Is it possible to escape from Siberia? In The Long Walk, author Slavomir Rawicz tells his story of an amazing escape from some of the most unforgiving land on earth where he was held as a political prisoner.
In 1938 Slavomir Rawicz went on leave from his position in the Polish cavalry, returning to his home on the Russian border. The Soviet army discovered him there and arrested him under suspicion of spying against them for the Germans, during his mock trial Slav hears the word that sealed the fate of hundreds before him…Siberia.
However, Rawicz could not admit defeat and finally convinced six other men to join him in what many though to be a suicidal escape from the Siberian camp. Their goal: to walk 4,000 miles from Siberia to British India through the Himalayas and the Gobi Desert.
Obviously, Rawicz lived to tell the tale and write his autobiography, The Long Walk; what is not so obvious is how he managed to do it. In his own words, he recounts every painstaking and death-defying step of the way in his book. Many have offered conjecture on whether the events told in The Long Walk are real, or just a spectacular work of fiction. From a reader’s standpoint, I can say I don’t really care if it’s real or not because the book itself is a real treat to read.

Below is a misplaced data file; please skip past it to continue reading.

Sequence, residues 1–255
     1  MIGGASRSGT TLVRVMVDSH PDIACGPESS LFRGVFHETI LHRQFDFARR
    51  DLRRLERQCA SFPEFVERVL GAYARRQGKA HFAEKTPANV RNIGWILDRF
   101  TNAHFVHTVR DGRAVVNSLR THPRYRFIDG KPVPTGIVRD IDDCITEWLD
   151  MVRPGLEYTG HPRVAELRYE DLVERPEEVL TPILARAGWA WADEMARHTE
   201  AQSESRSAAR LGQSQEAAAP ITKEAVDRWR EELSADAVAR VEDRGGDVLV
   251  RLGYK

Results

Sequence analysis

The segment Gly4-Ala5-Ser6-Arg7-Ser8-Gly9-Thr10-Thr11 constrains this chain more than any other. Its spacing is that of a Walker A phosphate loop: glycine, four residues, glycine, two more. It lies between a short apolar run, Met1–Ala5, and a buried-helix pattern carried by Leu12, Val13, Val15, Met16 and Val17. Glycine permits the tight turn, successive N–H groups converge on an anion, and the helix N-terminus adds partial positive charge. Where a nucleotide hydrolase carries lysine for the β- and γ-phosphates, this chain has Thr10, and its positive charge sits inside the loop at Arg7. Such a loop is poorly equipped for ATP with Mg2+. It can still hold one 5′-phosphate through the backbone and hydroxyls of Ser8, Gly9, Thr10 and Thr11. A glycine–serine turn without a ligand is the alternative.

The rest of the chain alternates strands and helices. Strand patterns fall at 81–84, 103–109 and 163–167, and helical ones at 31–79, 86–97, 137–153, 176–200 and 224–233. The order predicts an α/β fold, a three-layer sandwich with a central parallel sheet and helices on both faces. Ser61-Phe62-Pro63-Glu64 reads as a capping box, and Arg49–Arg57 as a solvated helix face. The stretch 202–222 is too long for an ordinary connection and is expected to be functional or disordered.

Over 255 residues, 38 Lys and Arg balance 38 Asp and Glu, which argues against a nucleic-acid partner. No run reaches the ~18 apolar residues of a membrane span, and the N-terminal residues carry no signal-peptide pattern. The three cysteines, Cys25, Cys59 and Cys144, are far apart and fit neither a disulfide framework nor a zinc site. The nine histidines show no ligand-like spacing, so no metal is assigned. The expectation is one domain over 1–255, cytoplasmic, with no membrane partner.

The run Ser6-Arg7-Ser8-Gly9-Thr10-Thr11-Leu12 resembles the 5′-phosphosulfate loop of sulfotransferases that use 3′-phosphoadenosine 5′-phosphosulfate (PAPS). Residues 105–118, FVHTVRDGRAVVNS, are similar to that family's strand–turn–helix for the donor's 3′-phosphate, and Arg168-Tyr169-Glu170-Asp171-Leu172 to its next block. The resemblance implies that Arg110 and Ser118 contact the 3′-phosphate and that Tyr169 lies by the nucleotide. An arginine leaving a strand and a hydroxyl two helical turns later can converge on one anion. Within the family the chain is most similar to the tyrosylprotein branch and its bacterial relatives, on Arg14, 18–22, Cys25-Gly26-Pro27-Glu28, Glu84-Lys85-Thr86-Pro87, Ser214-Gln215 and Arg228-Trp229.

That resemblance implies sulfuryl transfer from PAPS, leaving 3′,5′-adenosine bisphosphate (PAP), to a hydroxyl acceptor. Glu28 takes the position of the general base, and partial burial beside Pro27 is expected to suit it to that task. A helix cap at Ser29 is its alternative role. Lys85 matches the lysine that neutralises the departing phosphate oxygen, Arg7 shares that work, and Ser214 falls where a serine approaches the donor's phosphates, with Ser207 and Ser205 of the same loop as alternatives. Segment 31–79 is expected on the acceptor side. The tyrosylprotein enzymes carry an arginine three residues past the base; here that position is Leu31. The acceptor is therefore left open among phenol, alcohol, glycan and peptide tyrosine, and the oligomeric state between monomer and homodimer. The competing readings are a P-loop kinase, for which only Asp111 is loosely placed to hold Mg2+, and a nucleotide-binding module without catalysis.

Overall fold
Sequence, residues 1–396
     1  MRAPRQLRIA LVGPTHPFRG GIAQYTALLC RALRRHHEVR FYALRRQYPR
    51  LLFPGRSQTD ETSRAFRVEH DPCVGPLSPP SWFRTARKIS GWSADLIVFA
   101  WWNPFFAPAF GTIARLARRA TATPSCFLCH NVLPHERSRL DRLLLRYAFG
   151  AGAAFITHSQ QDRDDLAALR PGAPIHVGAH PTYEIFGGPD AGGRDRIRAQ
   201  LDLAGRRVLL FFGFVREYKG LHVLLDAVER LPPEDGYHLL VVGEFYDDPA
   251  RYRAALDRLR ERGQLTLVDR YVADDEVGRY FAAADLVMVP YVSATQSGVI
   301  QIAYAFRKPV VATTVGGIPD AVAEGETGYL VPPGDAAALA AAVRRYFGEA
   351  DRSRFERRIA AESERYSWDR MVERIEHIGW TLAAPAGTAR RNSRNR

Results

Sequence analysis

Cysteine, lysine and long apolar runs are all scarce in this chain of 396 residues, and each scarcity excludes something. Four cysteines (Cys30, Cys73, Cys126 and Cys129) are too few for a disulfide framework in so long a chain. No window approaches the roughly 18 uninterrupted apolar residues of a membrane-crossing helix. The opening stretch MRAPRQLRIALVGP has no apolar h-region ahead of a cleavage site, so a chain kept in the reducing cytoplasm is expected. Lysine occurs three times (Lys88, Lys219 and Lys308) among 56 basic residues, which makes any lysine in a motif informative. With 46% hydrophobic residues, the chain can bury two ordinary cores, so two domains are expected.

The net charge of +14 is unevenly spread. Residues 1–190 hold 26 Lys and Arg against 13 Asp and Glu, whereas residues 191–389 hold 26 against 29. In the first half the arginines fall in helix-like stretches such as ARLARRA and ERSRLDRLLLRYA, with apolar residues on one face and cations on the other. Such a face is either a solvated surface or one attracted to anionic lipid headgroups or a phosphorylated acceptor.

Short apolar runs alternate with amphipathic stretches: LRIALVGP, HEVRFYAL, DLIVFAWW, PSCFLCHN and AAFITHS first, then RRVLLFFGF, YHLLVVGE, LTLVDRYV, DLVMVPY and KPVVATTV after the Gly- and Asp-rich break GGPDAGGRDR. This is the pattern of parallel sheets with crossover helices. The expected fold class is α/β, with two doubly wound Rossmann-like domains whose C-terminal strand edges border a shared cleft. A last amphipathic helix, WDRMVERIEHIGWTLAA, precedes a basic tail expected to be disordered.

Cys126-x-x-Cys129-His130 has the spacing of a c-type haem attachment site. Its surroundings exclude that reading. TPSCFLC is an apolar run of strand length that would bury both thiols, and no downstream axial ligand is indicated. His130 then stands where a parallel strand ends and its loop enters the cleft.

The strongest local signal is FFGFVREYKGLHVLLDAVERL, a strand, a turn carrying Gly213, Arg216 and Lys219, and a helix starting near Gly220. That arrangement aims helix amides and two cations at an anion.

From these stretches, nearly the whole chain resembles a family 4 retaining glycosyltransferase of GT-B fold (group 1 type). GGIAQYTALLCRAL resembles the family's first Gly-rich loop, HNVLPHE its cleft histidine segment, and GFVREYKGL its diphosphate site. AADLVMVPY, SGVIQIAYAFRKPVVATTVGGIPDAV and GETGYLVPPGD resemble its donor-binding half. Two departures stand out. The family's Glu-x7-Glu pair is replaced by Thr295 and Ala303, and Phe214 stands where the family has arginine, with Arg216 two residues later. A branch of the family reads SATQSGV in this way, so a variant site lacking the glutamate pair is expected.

In my opinion, if Rawicz did not really make the trek he describes then he should go down in history as one of the literary greats; because in my opinion the story is told in such a complete, detailed way that a person would pretty much have to be there to match it. I am especially impressed by the style of the writing; not only does the story move along with unfaltering pace, but even the structure of each sentence seems to be illustrating the endless walking these men endured.
As the narrator of The Long Walk, John Lee takes the precise sentence structure to heart as the slow cadence of his voice further illustrates the idea of walking for thousands of miles even as the story itself fills in the details, making this audio book a must-listen.